Third, the fact that Republicans came up short in the Senate elections will probably temper their triumphalism. At the start of 1995, a lot of conservatives believed that history was on their side and would roll over anyone standing in their way. They thought Clinton was a sure loser. The Republican takeover was widely described as a “revolution.” This time Republicans are well aware that Obama could win reelection and that Republicans could lose House seats in 2012.
Fourth, having been through 1995, Republicans have learned the lesson that you can’t govern from the Hill. That year Republicans tried to restrain the growth of Medicare. The decision to take on a popular entitlement was the most important reason Clinton won the budget battle. Republicans will not try anything nearly as ambitious this time. Either they will make a deal with Obama — which would require him to make the first move — or they will explain that real reform cannot come until Republicans get reinforcements in Washington. Boehner was surely aware that his election-night comment that “the president sets the agenda” would be his most widely quoted remark.
Fifth, the new Republican majority is more seasoned. The last Republican House before 1995 adjourned in 1955. Almost none of the Republicans who took Congress in 1995 had ever been in the majority. Most of them had not even contemplated being in the majority until the 1994 campaign. The new majority includes many congressmen who were in the old majority until January 2007. They know the ropes — and so do many of their aides. There won’t be as much need for on-the-job training.
Sixth, the new Republican majority is less factionalized than the old one. The moderate contingent was much larger in 1995, though it was declining even then. Journalists said that Gingrich would have a hard time managing the new conservative members of Congress — the “revolutionaries” — just as they are now saying that Boehner will have his hands full with the new congressmen from the tea parties. But House Republicans have been operationally in sync with the tea parties since the start of the Obama presidency, uniformly opposing both the stimulus and Obamacare and almost unanimously opposing cap-and-trade and card check as well.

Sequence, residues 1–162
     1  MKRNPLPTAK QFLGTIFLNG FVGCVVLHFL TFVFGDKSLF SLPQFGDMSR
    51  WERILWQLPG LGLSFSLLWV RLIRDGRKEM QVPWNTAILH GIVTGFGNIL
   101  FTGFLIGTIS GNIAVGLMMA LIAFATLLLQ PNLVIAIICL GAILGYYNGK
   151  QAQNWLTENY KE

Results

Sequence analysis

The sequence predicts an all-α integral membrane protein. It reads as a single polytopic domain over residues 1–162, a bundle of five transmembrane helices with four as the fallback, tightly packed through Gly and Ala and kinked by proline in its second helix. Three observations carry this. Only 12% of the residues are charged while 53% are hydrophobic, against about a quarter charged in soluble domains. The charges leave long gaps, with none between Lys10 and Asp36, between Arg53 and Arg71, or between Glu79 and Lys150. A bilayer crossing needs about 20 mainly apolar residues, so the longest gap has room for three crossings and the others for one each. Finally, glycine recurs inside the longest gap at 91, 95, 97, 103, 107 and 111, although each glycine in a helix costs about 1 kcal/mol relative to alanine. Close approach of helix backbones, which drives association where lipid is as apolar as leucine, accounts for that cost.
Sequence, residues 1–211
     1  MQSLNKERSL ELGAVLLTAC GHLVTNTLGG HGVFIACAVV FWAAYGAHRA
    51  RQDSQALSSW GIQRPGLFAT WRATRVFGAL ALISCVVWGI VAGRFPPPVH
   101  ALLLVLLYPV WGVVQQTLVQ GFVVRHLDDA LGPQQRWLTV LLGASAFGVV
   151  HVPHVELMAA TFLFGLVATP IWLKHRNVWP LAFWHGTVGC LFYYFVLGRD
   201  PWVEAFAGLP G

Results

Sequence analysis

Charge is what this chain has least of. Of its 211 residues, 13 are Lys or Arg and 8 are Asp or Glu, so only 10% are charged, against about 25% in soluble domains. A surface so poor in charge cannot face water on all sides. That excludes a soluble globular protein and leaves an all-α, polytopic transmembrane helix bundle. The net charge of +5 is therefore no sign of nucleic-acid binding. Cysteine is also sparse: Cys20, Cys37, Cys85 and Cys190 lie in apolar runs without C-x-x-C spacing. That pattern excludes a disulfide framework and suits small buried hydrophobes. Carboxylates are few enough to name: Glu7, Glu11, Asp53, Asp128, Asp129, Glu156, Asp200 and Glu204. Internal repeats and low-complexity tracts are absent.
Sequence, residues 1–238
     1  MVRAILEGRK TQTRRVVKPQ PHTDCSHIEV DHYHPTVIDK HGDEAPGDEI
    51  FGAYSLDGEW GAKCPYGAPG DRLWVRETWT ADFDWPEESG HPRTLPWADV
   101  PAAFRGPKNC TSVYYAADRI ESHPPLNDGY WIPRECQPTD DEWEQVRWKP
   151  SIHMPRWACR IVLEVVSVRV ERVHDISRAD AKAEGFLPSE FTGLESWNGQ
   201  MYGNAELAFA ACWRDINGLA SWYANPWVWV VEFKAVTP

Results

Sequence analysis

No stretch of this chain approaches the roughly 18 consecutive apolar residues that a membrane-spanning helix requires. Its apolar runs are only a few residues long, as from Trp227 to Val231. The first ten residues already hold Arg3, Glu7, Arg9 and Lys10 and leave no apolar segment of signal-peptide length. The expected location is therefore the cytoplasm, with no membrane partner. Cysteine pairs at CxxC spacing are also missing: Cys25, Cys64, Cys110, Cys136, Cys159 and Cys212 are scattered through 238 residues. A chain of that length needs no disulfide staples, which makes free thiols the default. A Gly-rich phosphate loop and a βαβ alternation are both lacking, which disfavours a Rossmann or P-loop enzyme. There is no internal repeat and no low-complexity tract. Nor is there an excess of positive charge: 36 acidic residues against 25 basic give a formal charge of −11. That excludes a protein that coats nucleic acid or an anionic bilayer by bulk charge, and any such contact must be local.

Seventh, Obama isn’t Clinton. The former president started his political career in a relatively conservative state. During his governorship, Arkansas gave its electoral votes to Republican presidential candidates three times. Clinton also ran the Democratic Leadership Council, which sought to pull the party rightward. Obama has had much less experience of appealing to conservative and moderate voters. He did it in the general election of 2008 only under exceptional circumstances and with a very short record. It’s not clear that he is interested in “triangulating” against congressional Democrats and Republicans, much less that he is capable of it. Keep in mind that at this point in his presidency Clinton had already relied on Republican votes to win a high-profile fight over trade. Obama has done nothing similar.
Most analysts trace the beginning of Clinton’s comeback to the Oklahoma City bombing, when he was able to become the country’s mourner-in-chief while also linking the atrocity to his opponents’ antipathy to big government. Obama seems far less deft. His response to the Fort Hood shootings last year showed no ability to rally the country at a moment of trauma.